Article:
LONDON (Reuters) - Exchange traded funds must disclose whether they lend out securities and give greater detail on the collateral they hold, the European Union’s market watchdog (ESMA) proposed on Monday.
ESMA released new draft rules aimed at addressing concerns about the complexity and counterparty risks involved although it delayed a decision about proposals on the sale of ETFs to retail investors that would divide products based on their complexity.
ETFs - funds tracking baskets of shares, bonds or commodities that are traded like stocks - have become increasingly popular among retail investors seeking cheap access to indices without having to buy the underlying securities.
Some ETFs lend some of the shares out for a fee while holding other assets as collateral.
“The aim of these guidelines is to enhance investor protection and limit the risk of certain practices by strengthening, in particular, the standards applicable to collateral received in the context of activities such as securities lending,” Steven Maijoor, Chair of the European Securities and Markets Authority (ESMA) said in a statement.
Under the new proposals, ESMA would require funds to disclose in prospectuses if they make use of securities lending, along with specific criteria and disclosure requirements about the quality and diversification of collateral posted.
For synthetic ETFs, which use derivatives to generate index returns, ESMA will apply the same rules on collateral management as for securities lending.
In October, Laurence Fink, CEO of BlackRock (BLK.N), the world’s largest asset manager and owner of ETF provider iShares, called on U.S. lawmakers to ban synthetic funds from calling themselves exchange-traded funds, arguing they are too “opaque.”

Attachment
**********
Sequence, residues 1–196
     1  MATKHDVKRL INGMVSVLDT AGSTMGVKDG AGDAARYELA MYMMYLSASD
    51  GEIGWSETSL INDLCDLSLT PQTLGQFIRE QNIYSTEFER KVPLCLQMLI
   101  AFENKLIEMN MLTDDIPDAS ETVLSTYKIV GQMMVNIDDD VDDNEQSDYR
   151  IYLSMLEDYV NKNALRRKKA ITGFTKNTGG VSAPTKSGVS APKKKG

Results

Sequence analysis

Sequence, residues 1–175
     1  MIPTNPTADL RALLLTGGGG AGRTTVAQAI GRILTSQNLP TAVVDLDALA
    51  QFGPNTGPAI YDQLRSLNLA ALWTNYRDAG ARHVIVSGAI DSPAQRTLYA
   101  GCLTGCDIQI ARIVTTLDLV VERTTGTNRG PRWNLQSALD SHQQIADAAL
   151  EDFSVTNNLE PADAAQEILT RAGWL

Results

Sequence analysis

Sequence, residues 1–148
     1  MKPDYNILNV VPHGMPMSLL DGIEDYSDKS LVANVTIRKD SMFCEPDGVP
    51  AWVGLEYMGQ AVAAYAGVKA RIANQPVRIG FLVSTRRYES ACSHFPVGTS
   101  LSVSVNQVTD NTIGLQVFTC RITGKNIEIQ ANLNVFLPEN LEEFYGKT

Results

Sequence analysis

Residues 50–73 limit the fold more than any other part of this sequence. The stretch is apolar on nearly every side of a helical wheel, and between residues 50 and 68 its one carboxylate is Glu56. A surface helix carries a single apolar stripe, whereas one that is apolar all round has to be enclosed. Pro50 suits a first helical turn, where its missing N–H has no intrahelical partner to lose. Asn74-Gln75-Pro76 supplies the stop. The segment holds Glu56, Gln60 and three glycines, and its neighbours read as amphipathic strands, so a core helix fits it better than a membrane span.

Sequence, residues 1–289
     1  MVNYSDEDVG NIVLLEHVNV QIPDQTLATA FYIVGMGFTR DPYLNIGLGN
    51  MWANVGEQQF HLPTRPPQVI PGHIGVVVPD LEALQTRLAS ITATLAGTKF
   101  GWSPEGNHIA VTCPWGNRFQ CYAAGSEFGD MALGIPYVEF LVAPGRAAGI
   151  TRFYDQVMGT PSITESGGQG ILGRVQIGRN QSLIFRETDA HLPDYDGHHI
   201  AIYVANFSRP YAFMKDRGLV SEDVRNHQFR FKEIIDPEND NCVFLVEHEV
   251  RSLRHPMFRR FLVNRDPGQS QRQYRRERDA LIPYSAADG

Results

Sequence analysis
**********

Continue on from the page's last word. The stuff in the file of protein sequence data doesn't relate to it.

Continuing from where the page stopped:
ESMA proposed that all ETFs should be labeled, requiring the use of an “identifier” and is seeking feedback on provisions for an adequate level of protection of retail investors dealing on the secondary market.
The watchdog said concerns remained about the sale of complex products to retail investors but there were no firm proposals yet on whether to divide ETF products into “complex” and “non-complex” groups or whether the sale of derivative-based synthetic ETFs to retail investors should be restricted.
“ESMA will await the outcome of the negotiations on the revised MiFID and stands ready to provide any further input on this point at the appropriate stage,” it said in the consultation paper.
By the third quarter of 2010, the global ETF sector managed $1.2 trillion of assets, after growing at an average annual rate of 40 per cent in the past decade, data from the Financial Stability Board shows.
The industry now has until March 30 to respond to the guidelines before they are finalized for adoption in the second quarter of the year.
As part of an overhaul of pan-European regulation, the Markets in Financial Instruments Directive (MiFID) is seeking to introduce a new classification of “complex” Undertakings for Collective Investment in Transferable Securities (UCITS) which allow financial institutions to sell funds into any European Union country after approval from a single member state.
This will include structured products and more complex exchange-traded funds that are wrapped inside a UCITS fund and will mean providers will have to apply appropriate safeguards when selling complex UCITS.
Reporting by Anjuli Davies, Editing by Sinead Cruise and Jodie Ginsberg